The classical example of the objective theory of value is the labor theory of value. This theory merely affirms that value is determined by cost of production or, stated another way, by the amount of energy expended. While some classical economists knew the theory to be wrong, they were not certain as to what was right.

  Pursuing the labor theory to its logical and absurd conclusion, a mud pie would have the same value as a mince pie, provided that they were produced by equal expenditures of energy. If a pearl diver came up with a pearl in one hand and a pebble in the other, they would be of equal value!

  Of course, people will not exchange as much for a mud pie or a pebble as for a mince pie or a pearl. So, how does this theory find expression in practice? Simply use the power of government to take from the mince pie makers and give to the mud pie makers! Karl Marx gave the formula: “from each according to his ability, to each according to his need.”

  However, even the Russians no longer are strictly addicted to the labor theory of value. Yet, they largely rely upon objective standards of one kind or another. That is, self-determination is at a minimum; the government arbitrarily prices nearly everything. Willing exchange is not the mode; individual freedom of choice is substantially taboo; the subjective theory is less used in Russia than elsewhere.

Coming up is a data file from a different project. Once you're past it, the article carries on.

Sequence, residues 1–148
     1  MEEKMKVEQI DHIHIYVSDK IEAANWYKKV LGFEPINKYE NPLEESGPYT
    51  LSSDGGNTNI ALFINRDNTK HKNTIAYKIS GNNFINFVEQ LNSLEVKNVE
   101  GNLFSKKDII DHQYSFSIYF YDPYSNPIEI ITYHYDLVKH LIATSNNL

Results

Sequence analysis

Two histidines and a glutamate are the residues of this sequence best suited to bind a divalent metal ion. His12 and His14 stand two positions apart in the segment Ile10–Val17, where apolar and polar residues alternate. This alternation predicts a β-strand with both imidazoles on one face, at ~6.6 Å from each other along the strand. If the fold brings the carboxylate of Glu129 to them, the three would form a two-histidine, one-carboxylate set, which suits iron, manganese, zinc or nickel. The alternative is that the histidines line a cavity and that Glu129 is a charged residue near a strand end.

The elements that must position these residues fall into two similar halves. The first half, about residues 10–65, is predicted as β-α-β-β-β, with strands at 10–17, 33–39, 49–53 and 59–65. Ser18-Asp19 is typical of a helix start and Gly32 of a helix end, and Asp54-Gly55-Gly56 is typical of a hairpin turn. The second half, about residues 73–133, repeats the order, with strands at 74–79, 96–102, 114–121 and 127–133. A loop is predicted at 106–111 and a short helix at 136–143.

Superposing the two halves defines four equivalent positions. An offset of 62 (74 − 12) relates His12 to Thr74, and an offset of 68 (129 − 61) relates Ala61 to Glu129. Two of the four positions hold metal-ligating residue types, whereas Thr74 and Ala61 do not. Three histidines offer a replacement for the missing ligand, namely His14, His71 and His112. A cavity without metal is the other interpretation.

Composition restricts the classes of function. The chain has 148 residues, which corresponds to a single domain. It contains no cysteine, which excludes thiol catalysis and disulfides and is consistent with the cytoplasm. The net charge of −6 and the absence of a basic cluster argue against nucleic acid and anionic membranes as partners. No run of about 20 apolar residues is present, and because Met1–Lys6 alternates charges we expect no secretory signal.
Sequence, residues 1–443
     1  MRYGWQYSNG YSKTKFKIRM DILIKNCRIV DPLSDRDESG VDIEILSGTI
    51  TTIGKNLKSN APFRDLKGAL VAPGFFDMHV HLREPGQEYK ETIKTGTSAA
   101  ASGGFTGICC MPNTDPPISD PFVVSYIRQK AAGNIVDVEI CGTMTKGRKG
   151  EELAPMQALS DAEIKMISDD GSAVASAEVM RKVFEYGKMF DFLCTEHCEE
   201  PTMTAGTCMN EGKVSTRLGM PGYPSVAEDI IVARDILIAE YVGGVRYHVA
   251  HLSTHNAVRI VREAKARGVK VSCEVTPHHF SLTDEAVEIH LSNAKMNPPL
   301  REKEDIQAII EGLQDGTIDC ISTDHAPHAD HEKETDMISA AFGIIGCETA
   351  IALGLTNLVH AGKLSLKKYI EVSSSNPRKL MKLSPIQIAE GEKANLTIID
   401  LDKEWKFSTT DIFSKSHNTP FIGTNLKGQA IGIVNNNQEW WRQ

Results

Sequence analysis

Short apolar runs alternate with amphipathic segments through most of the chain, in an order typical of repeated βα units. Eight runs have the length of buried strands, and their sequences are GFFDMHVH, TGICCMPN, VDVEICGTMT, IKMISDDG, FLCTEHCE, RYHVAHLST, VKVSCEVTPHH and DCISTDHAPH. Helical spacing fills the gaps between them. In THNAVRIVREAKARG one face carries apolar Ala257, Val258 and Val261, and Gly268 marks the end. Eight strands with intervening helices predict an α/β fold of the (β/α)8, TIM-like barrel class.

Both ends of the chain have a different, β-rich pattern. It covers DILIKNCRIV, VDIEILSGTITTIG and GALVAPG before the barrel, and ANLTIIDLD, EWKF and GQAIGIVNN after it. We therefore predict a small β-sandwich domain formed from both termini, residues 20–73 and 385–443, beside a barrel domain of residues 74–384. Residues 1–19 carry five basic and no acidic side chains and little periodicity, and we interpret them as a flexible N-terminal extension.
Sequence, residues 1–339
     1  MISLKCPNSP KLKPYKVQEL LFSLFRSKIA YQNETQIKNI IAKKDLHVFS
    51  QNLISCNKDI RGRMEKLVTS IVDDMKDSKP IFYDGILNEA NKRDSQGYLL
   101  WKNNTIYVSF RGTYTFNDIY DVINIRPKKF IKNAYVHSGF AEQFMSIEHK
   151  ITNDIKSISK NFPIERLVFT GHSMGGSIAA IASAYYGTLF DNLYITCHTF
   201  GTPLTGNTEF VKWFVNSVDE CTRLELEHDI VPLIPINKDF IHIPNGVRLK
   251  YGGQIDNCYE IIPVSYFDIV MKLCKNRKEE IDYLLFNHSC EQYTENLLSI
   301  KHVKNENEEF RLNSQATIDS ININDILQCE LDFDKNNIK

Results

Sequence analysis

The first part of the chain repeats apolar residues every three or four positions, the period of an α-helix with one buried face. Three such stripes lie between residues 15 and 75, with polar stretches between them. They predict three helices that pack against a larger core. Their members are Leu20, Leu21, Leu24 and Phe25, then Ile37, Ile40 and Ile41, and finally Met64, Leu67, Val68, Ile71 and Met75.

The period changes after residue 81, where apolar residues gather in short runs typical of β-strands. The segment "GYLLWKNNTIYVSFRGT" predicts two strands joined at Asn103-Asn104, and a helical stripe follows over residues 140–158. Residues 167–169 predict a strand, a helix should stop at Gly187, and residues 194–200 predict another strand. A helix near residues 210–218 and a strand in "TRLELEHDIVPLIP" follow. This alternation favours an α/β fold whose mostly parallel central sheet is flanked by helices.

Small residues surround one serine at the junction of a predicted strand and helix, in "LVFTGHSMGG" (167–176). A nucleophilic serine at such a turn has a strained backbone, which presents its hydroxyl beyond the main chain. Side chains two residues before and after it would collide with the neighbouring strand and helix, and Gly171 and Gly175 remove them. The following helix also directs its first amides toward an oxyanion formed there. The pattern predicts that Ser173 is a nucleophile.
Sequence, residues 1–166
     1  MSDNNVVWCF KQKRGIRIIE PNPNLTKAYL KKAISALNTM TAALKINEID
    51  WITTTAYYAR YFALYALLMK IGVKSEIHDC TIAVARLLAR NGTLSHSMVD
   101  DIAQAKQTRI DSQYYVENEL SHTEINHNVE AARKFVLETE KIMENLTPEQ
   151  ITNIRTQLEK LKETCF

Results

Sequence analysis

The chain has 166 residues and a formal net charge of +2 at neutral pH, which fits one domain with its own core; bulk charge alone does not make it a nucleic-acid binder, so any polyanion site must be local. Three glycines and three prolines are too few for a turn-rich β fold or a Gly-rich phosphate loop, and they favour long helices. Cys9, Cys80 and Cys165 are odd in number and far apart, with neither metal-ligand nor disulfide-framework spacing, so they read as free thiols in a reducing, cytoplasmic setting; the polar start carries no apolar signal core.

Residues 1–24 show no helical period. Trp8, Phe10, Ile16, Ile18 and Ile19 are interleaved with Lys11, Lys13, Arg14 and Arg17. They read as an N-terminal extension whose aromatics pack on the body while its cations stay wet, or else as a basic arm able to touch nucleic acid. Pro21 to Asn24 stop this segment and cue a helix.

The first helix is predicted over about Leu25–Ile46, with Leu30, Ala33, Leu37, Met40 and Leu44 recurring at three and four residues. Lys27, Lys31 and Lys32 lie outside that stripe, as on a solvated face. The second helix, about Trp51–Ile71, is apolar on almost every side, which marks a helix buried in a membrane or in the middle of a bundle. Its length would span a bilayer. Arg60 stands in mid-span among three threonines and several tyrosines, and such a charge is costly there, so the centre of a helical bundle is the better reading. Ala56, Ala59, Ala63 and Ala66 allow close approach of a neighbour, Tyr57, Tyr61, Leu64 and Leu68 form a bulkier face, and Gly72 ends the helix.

Note that there is no freedom of the press, of speech, of religion, of assembly in Russia. It is because economic freedom is denied; and economic freedom is impossible unless subjective value judgments are respected.

  One of the most important points to keep in mind is that the amount of effort exerted or the cost of production does not determine exchange value. It is determined by individual evaluations of personal utility. The market price or value is somewhere within the range of these evaluations.

  We who are interested in individual liberty and, thus, in the observance of subjective value judgments, must know that the objective theory is antithetical to our welfare, and we should be able to identify its many practices, regardless of how cleverly disguised they are.

  Actually, we need only keep our eyes on unwilling as distinguished from willing exchanges. All unwilling exchanges rest on objective and not on subjective value judgments.

  Would you willingly exchange your income or capital for farmers not to grow tobacco, to rebuild someone else’s downtown, to put men on the moon, to underwrite power and light for the people of the Tennessee Valley, to pay people not to work? If your answers are negative, you can take the political applications of the objective theory from there. Examples abound by the thousands.

  It is a gross understatement of the case to say that freedom rests on the practice of the subjective theory; subjective value judgments, when honored, are freedom!